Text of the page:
We left South Georgia, and it wasn’t the perfect time to leave, but we knew that there wouldn’t be a perfect time.
At 54 degrees south, below the Antarctic Convergence in the Southern Ocean, South Georgia is a miracle of Antarctic wildlife and unforgettable scenery. Our family — myself and my wife, Alisa, and sons, Elias and Eric — had spent a miraculous month there.
We had reveled in that remote place, but now it was time to pay the price for venturing so far afield. We were starting the passage onward to South Africa: 3,000 miles of sailing through southern waters that are the native home of gales and icebergs, not of family cruising boats.
On the day we left, winds were tumbling off the mountains, and williwaws were raising great sheets of spray off the bays. A gale had just passed. Rather than waiting another day for the weather to settle down, we elected to get going so as to be as far north as possible when the next gale inevitably caught us. Once again, we were entering that different realm that is an inescapable part of the sailing life. For the umpteenth time in our nine years of full-time sailing, we were going on passage. As we came out of the lee of the island, the Southern Ocean swell began to sweep down on us, wave after wave lifting us up as it sped by. Galactic was knocking along with three reefs in the main and a scrap of jib. Elias is the only one of the family to be blessed with a cast-iron stomach, and the rest of us were immediately fighting off seasickness with various degrees of success. That night we hove-to, partly out of concern over hitting an iceberg in the dark, but largely because neither Alisa nor I were really fit to stand watch.
In the days that followed, it felt like we were being forced to take on a new mode of living. Alisa referred to it as “the animal state.” The niceties went by the wayside. Our meals became crude affairs, put together by a heroic cook who lost her ability to partake through the act of creating. Or meals were abandoned completely and replaced by repasts of saltine crackers washed down with juice. The stern cabin, normally the adults’ private refuge, became the gear locker, strewn with everyone’s manky rain gear and boots. Anyone not actively engaged in some job critical to boat or crew retreated to their bunk.
Although this crossing was an extreme example, it was different only in degree from our more-routine passages. We realized long ago that if we waited for perfect weather to start a crossing, we would likely not leave at all. And so we have plenty of memories of voyages that began rough. I could fill a whole page with examples.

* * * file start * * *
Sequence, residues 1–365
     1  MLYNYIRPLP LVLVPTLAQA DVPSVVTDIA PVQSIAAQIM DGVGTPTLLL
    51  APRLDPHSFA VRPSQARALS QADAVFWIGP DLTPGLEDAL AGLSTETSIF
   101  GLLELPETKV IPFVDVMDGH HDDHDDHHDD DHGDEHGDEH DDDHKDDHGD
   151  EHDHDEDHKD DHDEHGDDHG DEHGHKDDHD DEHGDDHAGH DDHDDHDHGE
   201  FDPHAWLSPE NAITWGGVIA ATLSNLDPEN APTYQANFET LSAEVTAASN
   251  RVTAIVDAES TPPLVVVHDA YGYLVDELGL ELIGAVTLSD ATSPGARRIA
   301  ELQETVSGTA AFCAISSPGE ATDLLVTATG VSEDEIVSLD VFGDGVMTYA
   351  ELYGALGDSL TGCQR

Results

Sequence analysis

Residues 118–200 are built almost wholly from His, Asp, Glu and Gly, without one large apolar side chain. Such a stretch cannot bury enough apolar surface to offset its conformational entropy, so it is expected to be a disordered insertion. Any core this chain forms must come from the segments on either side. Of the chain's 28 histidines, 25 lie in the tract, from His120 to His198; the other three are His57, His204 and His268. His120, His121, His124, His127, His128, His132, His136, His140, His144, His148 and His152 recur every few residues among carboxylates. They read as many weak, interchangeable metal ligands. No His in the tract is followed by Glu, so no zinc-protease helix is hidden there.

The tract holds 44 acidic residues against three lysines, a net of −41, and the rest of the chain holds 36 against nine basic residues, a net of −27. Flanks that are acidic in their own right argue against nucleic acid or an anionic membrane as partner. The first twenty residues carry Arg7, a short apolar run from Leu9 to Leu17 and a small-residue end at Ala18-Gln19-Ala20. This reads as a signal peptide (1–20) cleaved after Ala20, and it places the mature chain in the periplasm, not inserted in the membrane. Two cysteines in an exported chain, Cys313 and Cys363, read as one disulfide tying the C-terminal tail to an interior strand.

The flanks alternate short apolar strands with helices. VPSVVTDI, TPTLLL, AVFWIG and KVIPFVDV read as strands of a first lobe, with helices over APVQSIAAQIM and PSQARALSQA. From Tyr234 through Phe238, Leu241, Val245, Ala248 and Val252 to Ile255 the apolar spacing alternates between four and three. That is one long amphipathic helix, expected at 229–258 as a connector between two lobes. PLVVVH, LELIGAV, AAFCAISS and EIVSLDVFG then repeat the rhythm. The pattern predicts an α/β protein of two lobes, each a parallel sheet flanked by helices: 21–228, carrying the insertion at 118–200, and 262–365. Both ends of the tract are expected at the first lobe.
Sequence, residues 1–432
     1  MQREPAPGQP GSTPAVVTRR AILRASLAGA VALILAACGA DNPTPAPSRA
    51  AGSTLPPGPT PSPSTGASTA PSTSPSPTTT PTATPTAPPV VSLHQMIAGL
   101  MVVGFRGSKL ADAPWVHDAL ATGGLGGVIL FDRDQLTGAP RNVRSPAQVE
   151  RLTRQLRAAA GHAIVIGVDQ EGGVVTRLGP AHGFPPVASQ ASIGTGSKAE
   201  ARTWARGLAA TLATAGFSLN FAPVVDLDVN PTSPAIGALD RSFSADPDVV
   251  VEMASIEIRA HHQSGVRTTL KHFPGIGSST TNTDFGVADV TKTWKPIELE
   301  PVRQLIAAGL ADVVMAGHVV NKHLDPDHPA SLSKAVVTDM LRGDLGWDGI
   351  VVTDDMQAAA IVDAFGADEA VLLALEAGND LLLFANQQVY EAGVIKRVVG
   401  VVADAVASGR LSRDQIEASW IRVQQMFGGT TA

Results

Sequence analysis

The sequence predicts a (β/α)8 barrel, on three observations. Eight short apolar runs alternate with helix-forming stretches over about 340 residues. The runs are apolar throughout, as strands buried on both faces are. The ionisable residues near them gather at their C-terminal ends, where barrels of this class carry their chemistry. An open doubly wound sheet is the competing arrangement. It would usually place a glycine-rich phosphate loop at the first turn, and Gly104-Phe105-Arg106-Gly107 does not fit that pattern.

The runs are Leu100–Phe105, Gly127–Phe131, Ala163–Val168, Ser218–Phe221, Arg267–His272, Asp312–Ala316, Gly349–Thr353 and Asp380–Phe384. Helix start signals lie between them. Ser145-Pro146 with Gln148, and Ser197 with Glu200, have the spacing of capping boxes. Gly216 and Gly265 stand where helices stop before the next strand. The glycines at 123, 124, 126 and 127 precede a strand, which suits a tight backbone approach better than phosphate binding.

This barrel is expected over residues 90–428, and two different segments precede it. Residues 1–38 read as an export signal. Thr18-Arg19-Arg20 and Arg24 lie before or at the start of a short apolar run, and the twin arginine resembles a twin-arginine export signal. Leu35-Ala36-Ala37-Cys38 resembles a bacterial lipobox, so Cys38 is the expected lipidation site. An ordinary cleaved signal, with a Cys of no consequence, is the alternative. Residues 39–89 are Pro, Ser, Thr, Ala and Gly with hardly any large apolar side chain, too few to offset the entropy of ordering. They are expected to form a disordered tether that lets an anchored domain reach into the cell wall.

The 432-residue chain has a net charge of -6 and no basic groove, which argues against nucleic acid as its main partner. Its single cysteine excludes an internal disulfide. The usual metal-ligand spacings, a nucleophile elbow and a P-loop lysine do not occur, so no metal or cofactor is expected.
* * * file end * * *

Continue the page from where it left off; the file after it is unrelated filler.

So, you might ask, if going to sea is regularly so onerous, why do we continue? Certainly there is a large proportion of cruisers who think of passagemaking with distaste. For many sailors, being at sea for weeks at a time is, at best, the price they have to pay to experience the delightful shore that awaits on the other side. For others, passages get to be so taxing and unenjoyable that they decide to give up sailing altogether.
But for all the rough starts we’ve had, I can’t subscribe to a negative view of passagemaking. Sooner or later things get better. You find your sea legs and the rhythm of the trip, and there it is — that thing that made Joseph Conrad talk about the true peace of God beginning at any spot a thousand miles from land. There is no joy I know as sharp and enduring as a good day at sea in the company of my family. It has something to do with the magic of a well-found cruising boat and how it can so effortlessly cross off the miles with a fair wind. It has something else to do with how, after all the years of dreaming and countless hours of work that got us out traveling the world in our own boat, the actual doing of the thing can be so effortless. And there is the final consideration that all the troubles of the world, all the petty annoyances and trivial concerns, are safely far away. Sooner or later on passage, perspective — proper perspective — becomes inescapable.
The best sorts of these moments undoubtedly come in the trade winds. There’s something about living in your bathing suit and tasting the salt on your lips as the warm breeze ruffles your hair, and then looking for the green flash at sunset, all with a dependable wind that can easily see you not touching the sheets for days at a time, that turns a passage into something exalted. And at the same time, there is none of the moral sloth that comes from sitting in a tropical port, oversated with the easy pleasures of the shore. Being on passage is being active. You are literally steering your own ship on your own course through life. Passagemaking is being alive. In the trades, we usually hit a point where none of us wants the voyage to end.
On the crossing to South Africa, the bliss wasn’t quite so obvious. Even when we weren’t actually sailing around icebergs or hove-to for gales, I felt the weight of responsibility over tackling such a big crossing with young kids. The crease in my brow never quite eased.
But there did come a morning when I was alone at dawn at the end of a long night watch, the family still asleep below. The boat was sailing well, and I had nothing to do but listen to the endless splashing of our bow wave as I contemplated the world from the deck of our little ship. I realized that right at that moment, there was nothing more I wanted in life.
Then Elias came up in his harness and rain gear and went to the bow to help me watch for ice, and that particular feeling of peace did not at all go away for the fact that I was sharing it with him.